Monday, May 14, 2018

The Expanse series by James S. A. Corey

Reviewed by Kristin

Good science fiction really draws me in and keeps me reading, watching, and/or listening.  It’s not so much the androids, space battles, or alien worlds which bring me back, but the characters.  Recently I’ve been using Tennessee READS to listen to audiobooks in the Expanse series by James S. A. Corey (a pseudonym for writing partners Daniel Abraham and Ty Franck.)  I have found the characters so engaging that I don’t always turn off the stories when I pull into the driveway, but continue listening while cooking dinner, feeding the cats, or doing other household chores.

In the Expanse universe, humans have managed to escape the gravity well of Earth, put colonies on the moon (Luna), Mars, and several outer moons and space stations.  Traveling to other stars is still a stretch of the imagination, but people are working as hard as they can to find a way.  Alien presence in the universe makes itself known even here within our solar system, but in the form of molecules and long abandoned gateways, not as bug-eyed figures intent on destroying Earth.  As passageways to new worlds are found, alliances swiftly change as planetary governments and corporations race to plant their flags in the soil of newly discovered planets.

The series follows the exploits of a small crew based on the spaceship Rocinante for most of the series. (This is a tiny spoiler, since they transition to the ship and rename her during the first book, Leviathan Wakes.)  James Holden takes charge and the rest of the crew is made up of engineer Naomi Nagata, mechanic Amos Burton, and pilot Alex Kamal.  Various other characters move in and out of the picture, but these four individuals form a crew committed to working together.

Some of the other interesting characters include Fred Johnson, head of the Outer Planets Alliance; Detective Miller, intent on tracking down the missing girl Julie Mao; Bobbie Draper, a Martian ex-Marine, and Chrisjen Avasarala, an Earth based UN bigwig who wants what she wants when she wants it, and liberally sprinkles her demands with four letter words, despite being described as a tiny little old lady.  I have found myself laughing out loud when Avasarala pops up on the com screen or strides into the room.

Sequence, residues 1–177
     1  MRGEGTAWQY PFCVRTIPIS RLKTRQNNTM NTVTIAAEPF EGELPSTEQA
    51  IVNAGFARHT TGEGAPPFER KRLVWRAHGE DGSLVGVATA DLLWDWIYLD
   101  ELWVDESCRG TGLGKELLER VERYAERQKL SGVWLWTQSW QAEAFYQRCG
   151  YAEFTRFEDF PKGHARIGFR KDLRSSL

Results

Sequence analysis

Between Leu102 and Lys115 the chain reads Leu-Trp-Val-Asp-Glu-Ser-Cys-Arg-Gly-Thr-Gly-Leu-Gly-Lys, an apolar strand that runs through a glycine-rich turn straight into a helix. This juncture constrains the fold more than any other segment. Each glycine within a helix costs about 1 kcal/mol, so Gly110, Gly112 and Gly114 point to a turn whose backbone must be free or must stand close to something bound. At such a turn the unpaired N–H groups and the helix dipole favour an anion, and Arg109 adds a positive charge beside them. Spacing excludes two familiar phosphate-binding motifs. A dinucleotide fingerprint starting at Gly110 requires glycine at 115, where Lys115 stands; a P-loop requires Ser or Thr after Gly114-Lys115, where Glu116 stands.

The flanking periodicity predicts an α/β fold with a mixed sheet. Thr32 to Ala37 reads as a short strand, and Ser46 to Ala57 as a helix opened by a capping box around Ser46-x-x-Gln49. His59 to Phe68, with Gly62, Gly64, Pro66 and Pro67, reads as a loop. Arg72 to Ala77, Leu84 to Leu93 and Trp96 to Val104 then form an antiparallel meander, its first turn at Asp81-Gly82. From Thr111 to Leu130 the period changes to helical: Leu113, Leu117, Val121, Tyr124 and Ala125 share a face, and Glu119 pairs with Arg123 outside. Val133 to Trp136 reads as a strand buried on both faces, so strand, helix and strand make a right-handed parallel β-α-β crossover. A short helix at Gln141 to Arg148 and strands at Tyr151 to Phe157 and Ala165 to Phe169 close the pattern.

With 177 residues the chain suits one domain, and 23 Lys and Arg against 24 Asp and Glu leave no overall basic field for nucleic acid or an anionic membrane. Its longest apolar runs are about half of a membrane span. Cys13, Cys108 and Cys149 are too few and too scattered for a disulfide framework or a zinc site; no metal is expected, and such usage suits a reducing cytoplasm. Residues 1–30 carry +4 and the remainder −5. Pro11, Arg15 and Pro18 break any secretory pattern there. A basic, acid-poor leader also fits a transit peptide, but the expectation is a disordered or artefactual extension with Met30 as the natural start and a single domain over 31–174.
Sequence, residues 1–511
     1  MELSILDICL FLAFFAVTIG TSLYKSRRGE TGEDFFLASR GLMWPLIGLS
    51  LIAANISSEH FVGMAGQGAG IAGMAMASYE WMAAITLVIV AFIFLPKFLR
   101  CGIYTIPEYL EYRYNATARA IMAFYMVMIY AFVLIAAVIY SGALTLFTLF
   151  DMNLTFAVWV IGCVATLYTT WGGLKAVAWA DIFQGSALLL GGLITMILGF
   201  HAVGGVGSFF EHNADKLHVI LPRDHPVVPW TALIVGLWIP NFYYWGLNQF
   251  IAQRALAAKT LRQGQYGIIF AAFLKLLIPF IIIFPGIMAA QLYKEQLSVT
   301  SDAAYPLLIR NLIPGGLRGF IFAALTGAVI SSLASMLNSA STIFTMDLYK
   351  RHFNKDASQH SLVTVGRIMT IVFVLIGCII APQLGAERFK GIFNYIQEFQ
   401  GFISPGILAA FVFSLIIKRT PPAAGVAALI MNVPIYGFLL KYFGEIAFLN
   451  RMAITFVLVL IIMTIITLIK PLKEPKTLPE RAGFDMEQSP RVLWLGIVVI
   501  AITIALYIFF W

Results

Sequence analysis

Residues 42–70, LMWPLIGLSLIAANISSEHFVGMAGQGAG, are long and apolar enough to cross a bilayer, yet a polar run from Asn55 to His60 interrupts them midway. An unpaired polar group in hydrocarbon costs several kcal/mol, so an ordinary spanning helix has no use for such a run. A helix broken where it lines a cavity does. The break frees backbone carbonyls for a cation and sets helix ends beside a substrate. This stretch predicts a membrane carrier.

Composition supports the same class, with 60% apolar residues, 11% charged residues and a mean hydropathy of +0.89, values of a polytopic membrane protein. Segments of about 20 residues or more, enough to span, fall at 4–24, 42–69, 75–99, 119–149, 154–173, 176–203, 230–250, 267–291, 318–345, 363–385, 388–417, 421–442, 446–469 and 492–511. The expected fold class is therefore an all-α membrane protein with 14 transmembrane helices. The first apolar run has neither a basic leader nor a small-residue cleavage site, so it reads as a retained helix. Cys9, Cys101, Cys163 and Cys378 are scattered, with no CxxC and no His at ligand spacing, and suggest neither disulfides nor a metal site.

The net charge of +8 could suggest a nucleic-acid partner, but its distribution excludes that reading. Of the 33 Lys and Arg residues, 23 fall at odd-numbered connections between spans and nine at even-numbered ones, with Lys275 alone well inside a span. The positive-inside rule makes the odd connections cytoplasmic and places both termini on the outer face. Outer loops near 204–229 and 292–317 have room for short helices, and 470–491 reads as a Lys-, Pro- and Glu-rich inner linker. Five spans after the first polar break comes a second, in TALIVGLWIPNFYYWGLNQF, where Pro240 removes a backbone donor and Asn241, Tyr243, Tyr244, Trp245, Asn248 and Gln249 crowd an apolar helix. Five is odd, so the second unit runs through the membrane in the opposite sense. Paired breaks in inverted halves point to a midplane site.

George R.R. Martin calls the books “Interplanetary adventure the way it was mean to be written,” which of course is proudly displayed across the front of the paperback editions.  The series has also been adapted to the small screen by the SyFy channel, currently in the third season.  DVDs for the first two seasons of The Expanse are coming soon to the Bristol Public Library.  I can’t wait.

Including full length novels and the occasional shorter e-book/audio novella, the series titles are:

1. Leviathan Wakes (2011)
2. Caliban's War (2012)
2.5. Gods of Risk (2012)
3. Abaddon's Gate (2013)
3.5. The Churn (2014)
4. Cibola Burn (2014)
5. Nemesis Games (2015)
5.5. The Vital Abyss (2015)
6. Babylon's Ashes (2016)
6.5. Strange Dogs (2017)
7. Persepolis Rising (2017)
8. Tiamat's Wrath (2018)

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